This is not the first time the civilians were bombed during the Saudi-led Operation Decisive Storm, which began in March 2015. The key targets of the bombing attacks of the early days of the intervention included roads, bridges, rainwater cisterns, power and military facilities, as well as government buildings. The transition to the next phase of the campaign titled "The Return of Hope" announced by the Saudi coalition command in May 2015 did absolutely nothing to change the tactics of the operation. There are still 200 or more sorties per day.
The overall situation on the main fronts of the war between the Saudi-led coalition and the Houthi-Saleh Alliance in northern Yemen has not changed in any meaningful manner after more than 18 months of war. Most of the largest northern cities, such as Sana'a, Hodeidah and Taiz, remain in the hands of the Houthi-Saleh Alliance, which continues to consolidate politically. The parliament started working in Sana'a and approved a new government. Even though the latter was not recognized by the outside world, it is fairly functional and has all the attributes of power, including an army and police (unlike the Hadi government in Aden). So, the defeat in 2014 of the Al-Islah Party that has friendly relations with Riyadh, and its powerful religious wing – the Wahhabi part of Muslim Brotherhood – was by no means accidental. Clearly, the Saudi military command continues, for some reason, to consider the Al-Islah failure an accident and still supports it.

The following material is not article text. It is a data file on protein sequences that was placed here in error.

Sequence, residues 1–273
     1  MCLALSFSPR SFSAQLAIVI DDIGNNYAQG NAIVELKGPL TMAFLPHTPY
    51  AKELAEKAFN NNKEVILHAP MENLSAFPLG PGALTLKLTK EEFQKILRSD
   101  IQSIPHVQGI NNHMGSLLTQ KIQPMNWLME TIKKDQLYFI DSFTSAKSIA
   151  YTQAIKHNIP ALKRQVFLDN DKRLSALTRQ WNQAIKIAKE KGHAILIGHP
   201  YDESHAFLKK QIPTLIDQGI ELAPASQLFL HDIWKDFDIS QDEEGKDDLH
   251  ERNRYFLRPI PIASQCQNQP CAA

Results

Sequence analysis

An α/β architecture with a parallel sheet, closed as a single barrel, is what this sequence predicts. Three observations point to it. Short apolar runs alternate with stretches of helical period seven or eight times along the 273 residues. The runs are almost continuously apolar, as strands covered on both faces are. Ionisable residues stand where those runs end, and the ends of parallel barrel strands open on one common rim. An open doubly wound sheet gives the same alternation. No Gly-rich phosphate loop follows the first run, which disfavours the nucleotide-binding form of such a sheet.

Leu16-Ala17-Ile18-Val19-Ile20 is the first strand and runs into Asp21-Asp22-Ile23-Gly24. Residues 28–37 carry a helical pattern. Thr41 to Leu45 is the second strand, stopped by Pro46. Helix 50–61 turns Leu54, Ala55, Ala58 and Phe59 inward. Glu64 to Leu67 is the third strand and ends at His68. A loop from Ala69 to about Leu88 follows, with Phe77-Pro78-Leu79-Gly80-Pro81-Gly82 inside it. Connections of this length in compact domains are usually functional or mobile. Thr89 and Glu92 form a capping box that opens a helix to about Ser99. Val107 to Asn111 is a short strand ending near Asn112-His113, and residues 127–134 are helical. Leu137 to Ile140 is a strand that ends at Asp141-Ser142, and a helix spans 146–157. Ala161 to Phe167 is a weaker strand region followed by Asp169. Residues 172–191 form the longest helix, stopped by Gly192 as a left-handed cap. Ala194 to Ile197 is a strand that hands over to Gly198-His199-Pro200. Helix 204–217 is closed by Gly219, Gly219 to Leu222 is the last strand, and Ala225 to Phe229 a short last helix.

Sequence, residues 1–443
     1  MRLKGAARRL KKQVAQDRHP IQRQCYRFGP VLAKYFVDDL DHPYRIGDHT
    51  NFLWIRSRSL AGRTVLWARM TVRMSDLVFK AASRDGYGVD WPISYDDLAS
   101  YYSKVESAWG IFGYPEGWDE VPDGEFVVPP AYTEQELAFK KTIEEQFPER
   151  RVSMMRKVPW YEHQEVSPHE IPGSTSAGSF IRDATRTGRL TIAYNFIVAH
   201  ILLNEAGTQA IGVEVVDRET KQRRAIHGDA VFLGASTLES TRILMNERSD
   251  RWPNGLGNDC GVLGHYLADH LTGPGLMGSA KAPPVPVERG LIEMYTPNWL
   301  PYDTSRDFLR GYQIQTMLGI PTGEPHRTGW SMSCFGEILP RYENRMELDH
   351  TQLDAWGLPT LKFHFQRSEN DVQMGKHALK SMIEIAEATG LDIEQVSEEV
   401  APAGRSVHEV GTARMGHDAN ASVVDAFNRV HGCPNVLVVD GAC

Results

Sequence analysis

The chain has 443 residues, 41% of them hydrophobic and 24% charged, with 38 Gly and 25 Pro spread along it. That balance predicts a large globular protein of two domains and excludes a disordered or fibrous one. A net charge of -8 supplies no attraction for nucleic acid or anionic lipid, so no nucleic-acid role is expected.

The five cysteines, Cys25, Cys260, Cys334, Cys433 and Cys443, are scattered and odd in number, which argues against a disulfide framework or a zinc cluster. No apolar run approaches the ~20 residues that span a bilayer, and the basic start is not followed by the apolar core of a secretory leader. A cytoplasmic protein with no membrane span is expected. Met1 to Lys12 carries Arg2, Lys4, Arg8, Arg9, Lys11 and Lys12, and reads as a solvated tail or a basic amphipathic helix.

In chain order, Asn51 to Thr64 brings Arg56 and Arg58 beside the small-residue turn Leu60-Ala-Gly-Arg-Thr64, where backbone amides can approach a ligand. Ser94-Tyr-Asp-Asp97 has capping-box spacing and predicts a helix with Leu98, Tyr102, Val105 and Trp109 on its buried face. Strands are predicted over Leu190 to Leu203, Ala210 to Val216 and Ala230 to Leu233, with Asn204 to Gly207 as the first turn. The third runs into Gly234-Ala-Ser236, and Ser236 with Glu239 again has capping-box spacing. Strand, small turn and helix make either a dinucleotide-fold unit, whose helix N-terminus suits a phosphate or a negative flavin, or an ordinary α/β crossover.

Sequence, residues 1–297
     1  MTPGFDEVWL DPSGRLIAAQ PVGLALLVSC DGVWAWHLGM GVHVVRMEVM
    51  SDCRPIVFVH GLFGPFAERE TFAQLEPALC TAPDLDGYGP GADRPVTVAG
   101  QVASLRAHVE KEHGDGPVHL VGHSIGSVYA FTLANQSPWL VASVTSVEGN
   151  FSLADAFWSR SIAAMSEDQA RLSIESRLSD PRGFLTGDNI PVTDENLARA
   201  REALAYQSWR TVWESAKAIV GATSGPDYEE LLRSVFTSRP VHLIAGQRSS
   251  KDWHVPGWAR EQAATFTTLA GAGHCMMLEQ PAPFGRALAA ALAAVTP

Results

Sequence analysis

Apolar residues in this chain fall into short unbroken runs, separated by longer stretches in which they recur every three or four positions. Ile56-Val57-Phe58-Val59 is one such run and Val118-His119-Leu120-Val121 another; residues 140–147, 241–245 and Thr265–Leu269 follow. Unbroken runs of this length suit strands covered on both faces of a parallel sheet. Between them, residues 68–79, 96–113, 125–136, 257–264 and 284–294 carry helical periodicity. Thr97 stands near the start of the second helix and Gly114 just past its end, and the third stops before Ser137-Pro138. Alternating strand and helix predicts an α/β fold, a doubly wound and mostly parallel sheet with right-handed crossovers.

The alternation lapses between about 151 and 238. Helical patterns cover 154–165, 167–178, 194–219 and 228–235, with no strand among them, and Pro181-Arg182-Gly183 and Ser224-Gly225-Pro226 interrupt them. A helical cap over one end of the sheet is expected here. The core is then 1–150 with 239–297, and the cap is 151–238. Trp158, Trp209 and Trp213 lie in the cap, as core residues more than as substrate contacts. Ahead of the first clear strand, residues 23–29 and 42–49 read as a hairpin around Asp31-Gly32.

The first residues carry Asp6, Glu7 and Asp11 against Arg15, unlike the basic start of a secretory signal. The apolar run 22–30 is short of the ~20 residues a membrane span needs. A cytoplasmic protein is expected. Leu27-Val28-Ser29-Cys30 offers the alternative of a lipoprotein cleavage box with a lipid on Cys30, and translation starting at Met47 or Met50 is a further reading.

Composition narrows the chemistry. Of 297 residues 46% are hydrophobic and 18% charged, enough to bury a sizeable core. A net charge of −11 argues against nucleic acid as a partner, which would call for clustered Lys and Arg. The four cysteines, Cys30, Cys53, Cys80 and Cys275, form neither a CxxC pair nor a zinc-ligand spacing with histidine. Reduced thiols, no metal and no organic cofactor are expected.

General Ali Mohsen was appointed as the new vice-president of the "legitimate Hadi government" in the spring of 2016. The image of Ali Mohsen as a leader of the military wing of Al-Islah was formed when he went from Saleh's camp over to the opposition in March 2011. A large portion of the army followed Ali Mohsen to Al-Islah. Ali Mohsen’s appointment to a high position cannot be referred to as a balanced and peaceful act on the part of Riyadh, the goal of which is to reach a compromise with the Houthis, since the general led government forces in the 2004-2010 Saada wars aimed at destroying the Houthis.
The legitimacy of President Hadi, who was elected president in February 2012 and has stayed in Riyadh since the outbreak of the crisis, now seems a minor issue. Since he was elected, the recent vice-president’s main job has been to carry out the UN Security Council resolutions on Yemen as part of implementing the provisions of the Cooperation Council for the Arab States of the Gulf (GCC) Initiative. His authority was based on the power and the influence of external overseers and sponsors of the peace process in Yemen, primarily, the UN. Saudi Arabia and the United States, which had also established a trusting relationship with Hadi, also reserved for themselves a special role in Yemen.